The Nuclear Regulatory Commission unanimously approved a radical new reactor design on Thursday, clearing away a major obstacle for two utilities to begin construction on projects in South Carolina and Georgia.
The decision, a milestone in the much-delayed revival of plant construction sought by the nuclear industry, involves the Westinghouse AP1000, a 1,154 Megawatt reactor with a so-called advanced passive design. It relies more heavily on forces like gravity and natural heat convection and less on pumps, valves and operator actions than other models do, in theory diminishing the probability of an accident.
Two reactors are planned for the Southern Company’s plant near Augusta, Ga., and another two at the Summer plant of South Carolina Electric and Gas in Fairfield County, S.C. In an unusual step, the commission waived the usual 30-day waiting period before its approval becomes official, so its decision will be effective in about a week. That moves the utilities closer to the point where they can start pouring concrete for safety-related parts of the plant. The decision also moves the industry toward the first test of a streamlined procedure in which the commission will issue a combined construction and operating license. Up to now reactors had to obtain a construction license and then undergo a long wait for an operating license, resulting in expensive delays in starting up reactors that had essentially been completed.
Many of today’s operating reactors were one of a kind. Under the new system, the utility will use a standard design preapproved by the commission, like the one endorsed on Thursday. The only remaining issue will be whether the utility was faithful to the authorized design. Southern and South Carolina Electric and Gas could get combined licenses soon. The new licensing procedure is intended to cut costs, which ran so high in the last round of construction, in the 1970s and 1980s, that many projects were abandoned half-built.
In the emerging round of construction, Southern and South Carolina Electric and their partners have already spent hundreds of millions of dollars digging foundations for the projects. They have also brought in cooling water and taken other early steps that do not require approval of the reactor design.
In a statement welcoming the commission’s decision, Westinghouse said that about 3,000 high-paying construction jobs would be created at each plant site and that workers manufacturing components at factories around the country would benefit as well. Of the 104 operating power reactors in the United States, the youngest entered service in 1996.
The four reactors to be built are the only survivors in what had been envisioned as a bigger field of new plants that narrowed over the last three years as investors ran into financial and other obstacles. In fact, it is not clear whether ground will be broken on any additional reactors soon; industry experts say the biggest obstacle is that the price of natural gas remains quite low, making it difficult to produce electricity from a reactor at a price competitive with electricity from a gas-burning plant. Congress has approved $18.5 billion in loan guarantees for new reactors and there is considerable support for even more, but it is not clear that borrowers will emerge.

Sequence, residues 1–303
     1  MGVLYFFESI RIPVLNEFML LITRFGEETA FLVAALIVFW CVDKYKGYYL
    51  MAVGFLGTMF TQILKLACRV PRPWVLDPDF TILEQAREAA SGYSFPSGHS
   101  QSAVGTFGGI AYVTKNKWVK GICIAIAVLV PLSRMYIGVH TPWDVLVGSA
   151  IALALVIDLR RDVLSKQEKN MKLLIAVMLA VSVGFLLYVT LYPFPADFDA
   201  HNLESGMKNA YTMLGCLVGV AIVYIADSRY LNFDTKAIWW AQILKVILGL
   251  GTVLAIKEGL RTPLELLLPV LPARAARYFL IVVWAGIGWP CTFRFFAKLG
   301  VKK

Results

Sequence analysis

Among other design improvements, the Westinghouse AP1000 is supposed to shut down safely in the event of a loss of all electrical power, which is what befell the Fukushima Daiichi plant in Japan after the earthquake and tsunami in March. Westinghouse says that a combination of automatic systems and design features would keep the reactor safe for three days without human intervention and that its core could be kept from melting indefinitely with only minimal operator effort.
The regulatory commission approved an earlier version of the AP1000 in 2006, but the design was later ruled out for American utilities when the agency adopted a rule in 2008 requiring newly constructed reactors to be able to withstand the impact of a crashing aircraft. China is in advanced stages of constructing four units of an earlier version of the AP1000. The first unit is scheduled to go online in 2013, about three years before the first one would begin operating in the United States. Westinghouse predicts that certification of the design by the regulatory commission will make it easier for the company to market the model around the world.
Opponents of the reactor, among them the North Carolina group NC Warn, have argued that no new designs should be certified until the lessons of the Fukushima accident have been fully absorbed. And Representative Edward J. Markey, Democrat of Massachusetts, and others have drawn attention to concerns raised by an engineer at the commission that a building surrounding the reactor containment might fail under some circumstances. But the chairman of the commission, Gregory B. Jaczko, said that all of the panel’s safety concerns had been fully addressed.
“The design provides enhanced safety margins through use of simplified, inherent, passive or other innovative safety and security functions, and also has been assessed to ensure it could withstand damage from an aircraft impact without significant release of radioactive materials,” he said in a statement.
The decision is a rare instance of agreement among the commissioners, who have split this year over policy and management issues. Last week four of them testified before Congress that Dr. Jaczko had limited the flow of information to them and tried to cut them out of important decisions.
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